In 2008, while in Singapore for business, an officer within my company at the time facilitated an introduction for me with a prominent global leader from a Fortune 500 company, who happened to be in the same country at the same time. The leader willingly took a meeting with me because he knew and trusted the person requesting his time. What a pivotal moment in my career. It wasn’t the meeting that was significant. It’s how the meeting was arranged that’s important in the story. It completely solidified for me my understanding of selling, buying, trust, credibility, professional networks, and how all of these elements are critically linked together, actually inseparable, when we want to gain and keep access to executive leaders.
For many of us, calling on the C-Suite can be mysterious, daunting, and nerve-racking – even if we’ve been doing it for years. What if we could demystify the process, distill the plethora of information and opinions that exist, and simplify the strategies we need to be successful?
First, let’s make sure we are all on the same page with the terminology.
Most major organizations employ several key leaders with “C” titles – Chief Executive Officer, Chief Financial Officer, Chief Operations Officer, and the like.
It’s surprising how many sales professionals don’t know what someone means when he or she refers to the C-Suite. Those who do often consider it the Holy Grail.
The challenge isn’t a new one. For their 2010 book Selling to the C-Suite, Nicholas A.C. Read and Stephen J. Bistritz, Ed.D. conducted in-depth interviews with executive- level decision makers of more than 500 organizations. Here’s the good news. They learned that leaders at the highest corporate levels don’t avoid sales pitches; in fact, they welcome them—provided the salesperson approaches them the right way.
Before you launch your next call on the C-Suite, ensure you’re prepared to be successful by leveraging these tips.
Determine the Decision Maker.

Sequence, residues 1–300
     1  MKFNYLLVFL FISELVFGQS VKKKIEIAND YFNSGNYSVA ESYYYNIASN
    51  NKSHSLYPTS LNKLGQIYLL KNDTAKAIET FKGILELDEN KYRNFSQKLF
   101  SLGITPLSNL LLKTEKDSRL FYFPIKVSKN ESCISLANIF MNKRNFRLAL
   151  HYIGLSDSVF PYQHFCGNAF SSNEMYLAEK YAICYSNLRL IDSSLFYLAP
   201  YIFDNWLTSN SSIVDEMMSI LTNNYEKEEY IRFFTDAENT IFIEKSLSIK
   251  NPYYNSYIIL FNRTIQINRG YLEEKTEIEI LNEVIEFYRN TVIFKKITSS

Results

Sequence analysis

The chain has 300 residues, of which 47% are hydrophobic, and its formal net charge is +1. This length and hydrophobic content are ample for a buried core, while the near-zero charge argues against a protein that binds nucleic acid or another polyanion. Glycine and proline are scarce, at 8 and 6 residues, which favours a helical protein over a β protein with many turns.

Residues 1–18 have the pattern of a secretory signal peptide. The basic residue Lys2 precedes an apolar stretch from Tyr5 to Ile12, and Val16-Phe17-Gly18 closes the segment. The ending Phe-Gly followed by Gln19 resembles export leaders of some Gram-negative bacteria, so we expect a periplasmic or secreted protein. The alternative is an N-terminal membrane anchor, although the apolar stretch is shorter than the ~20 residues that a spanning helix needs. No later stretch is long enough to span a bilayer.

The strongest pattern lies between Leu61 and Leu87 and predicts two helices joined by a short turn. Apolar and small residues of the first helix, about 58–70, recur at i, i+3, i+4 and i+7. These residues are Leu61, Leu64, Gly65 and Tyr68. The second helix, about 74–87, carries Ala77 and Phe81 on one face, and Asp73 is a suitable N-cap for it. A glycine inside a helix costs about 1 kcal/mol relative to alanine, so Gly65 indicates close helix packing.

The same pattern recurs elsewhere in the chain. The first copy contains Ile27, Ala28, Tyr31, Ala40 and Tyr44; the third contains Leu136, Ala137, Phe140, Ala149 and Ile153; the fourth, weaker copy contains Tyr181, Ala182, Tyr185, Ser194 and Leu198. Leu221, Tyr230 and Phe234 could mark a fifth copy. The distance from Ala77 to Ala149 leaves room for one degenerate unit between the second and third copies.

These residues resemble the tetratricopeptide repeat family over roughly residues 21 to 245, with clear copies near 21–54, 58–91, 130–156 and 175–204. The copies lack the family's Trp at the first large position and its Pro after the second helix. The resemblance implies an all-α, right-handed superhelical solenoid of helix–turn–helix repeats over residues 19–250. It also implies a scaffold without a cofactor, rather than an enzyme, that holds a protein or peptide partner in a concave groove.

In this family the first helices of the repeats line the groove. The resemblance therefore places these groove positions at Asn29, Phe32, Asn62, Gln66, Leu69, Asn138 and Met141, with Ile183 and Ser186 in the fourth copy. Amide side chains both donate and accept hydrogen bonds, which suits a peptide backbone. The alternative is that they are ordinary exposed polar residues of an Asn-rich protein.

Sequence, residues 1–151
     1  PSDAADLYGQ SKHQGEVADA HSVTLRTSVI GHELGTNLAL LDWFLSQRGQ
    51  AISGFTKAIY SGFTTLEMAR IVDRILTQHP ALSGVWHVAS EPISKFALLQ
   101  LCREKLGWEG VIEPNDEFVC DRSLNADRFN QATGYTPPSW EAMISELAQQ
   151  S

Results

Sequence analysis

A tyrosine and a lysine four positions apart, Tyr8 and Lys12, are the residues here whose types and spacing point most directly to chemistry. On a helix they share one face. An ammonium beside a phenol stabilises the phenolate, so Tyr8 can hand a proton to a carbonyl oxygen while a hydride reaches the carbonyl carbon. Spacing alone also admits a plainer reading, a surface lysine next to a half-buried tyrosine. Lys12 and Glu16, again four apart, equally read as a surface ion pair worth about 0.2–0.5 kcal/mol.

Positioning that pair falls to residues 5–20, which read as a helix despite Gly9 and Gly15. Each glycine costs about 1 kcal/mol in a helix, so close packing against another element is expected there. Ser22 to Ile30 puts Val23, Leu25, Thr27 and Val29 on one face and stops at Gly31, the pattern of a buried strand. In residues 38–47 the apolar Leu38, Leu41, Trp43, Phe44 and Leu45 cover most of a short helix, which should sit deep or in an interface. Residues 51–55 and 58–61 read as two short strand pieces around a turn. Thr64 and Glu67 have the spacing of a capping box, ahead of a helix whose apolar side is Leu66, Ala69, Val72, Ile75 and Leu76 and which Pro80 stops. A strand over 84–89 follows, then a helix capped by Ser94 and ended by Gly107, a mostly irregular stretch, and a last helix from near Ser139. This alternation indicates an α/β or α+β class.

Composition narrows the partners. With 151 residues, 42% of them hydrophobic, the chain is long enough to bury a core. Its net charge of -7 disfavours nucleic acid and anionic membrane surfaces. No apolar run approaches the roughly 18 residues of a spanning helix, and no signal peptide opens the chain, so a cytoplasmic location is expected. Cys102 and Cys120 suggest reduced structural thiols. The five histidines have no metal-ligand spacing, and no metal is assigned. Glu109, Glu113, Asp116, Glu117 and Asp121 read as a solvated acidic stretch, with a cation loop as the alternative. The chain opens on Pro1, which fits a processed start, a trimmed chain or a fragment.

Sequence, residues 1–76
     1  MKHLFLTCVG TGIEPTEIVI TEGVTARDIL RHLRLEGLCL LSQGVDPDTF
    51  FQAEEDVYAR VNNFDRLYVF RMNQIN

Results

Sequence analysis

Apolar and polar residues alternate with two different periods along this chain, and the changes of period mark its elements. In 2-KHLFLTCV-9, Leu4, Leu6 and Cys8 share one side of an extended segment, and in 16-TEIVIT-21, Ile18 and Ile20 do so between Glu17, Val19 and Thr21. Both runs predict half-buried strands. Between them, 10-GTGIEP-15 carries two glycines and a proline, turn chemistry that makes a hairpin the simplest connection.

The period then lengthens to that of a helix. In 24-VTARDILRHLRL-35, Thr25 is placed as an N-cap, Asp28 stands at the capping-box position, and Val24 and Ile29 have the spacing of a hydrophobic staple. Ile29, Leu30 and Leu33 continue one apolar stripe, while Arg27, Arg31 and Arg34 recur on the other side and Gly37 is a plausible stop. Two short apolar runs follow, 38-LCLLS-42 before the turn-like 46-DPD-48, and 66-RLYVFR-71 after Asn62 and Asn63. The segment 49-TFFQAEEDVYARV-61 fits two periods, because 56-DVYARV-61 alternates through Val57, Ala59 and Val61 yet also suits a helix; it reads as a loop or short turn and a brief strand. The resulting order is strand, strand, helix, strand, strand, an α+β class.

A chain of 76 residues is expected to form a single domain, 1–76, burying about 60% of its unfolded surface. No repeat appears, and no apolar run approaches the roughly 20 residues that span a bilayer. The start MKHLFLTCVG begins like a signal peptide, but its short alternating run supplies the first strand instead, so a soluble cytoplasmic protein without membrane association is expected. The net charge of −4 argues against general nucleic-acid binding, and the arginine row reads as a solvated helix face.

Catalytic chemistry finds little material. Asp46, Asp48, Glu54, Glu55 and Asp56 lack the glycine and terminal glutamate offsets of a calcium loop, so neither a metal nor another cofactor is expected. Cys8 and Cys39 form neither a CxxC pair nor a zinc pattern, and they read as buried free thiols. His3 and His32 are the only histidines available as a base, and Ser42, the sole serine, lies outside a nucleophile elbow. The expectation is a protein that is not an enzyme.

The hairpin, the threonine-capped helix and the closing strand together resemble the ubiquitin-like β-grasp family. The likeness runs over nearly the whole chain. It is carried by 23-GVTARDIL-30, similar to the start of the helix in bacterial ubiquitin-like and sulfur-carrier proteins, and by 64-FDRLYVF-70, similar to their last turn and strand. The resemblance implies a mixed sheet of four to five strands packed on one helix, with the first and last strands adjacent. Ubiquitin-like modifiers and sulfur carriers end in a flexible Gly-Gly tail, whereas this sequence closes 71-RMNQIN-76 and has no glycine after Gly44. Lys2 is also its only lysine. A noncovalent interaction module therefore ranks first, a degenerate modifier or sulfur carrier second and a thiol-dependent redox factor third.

There’s a chance your product, service or solution can be bought by lower-titled individuals. Be honest with yourself, and take a good look at what you are selling.
Early in my sales career, the leadership team for the organization I represented was pushing me hard to get access to CEOs and presidents. I was young and inexperienced and didn’t even consider taking a step back to confirm whether I actually needed C-Suite access to get the win. But, being a young professional, I did as told, and booked tons of appointments with top-level leaders. As it turns out, for that product, I didn’t need access to the C-Suite. Often my prospects were confused why I was there, as others, usually much lower in their organization, had budget and authority to buy what I was selling. I was wasting their time.
I knew how to secure the appointment, but didn’t know what I was supposed to do once I got there. If I would have worked smarter, and performed more research about the buying processes within my target markets, I could have won more business faster. I would have used my time more effectively, and booked appointments that would have been meaningful and productive.
When you are evaluating your prospect customers, and doing research about them specifically and their market in general, ask questions that will lead you to understand who the decision maker is for your particular product, solution or service. Remember, it’s not always the person who signs the contract. And, it might not be the title you were assuming it was. Asking about how similar decisions were made in the past, or about other comparable suppliers and where they interact within the buyer’s organization could help you clarify if being at the C-level is a must for you to secure new business. Sales professionals who prioritize determining who the key decision maker is early in the sales cycle within each prospect opportunity, and then plan a sales strategy accordingly, are well on their way to securing new clients faster than those who do not focus on this vital element.
Learn to Think Like an Executive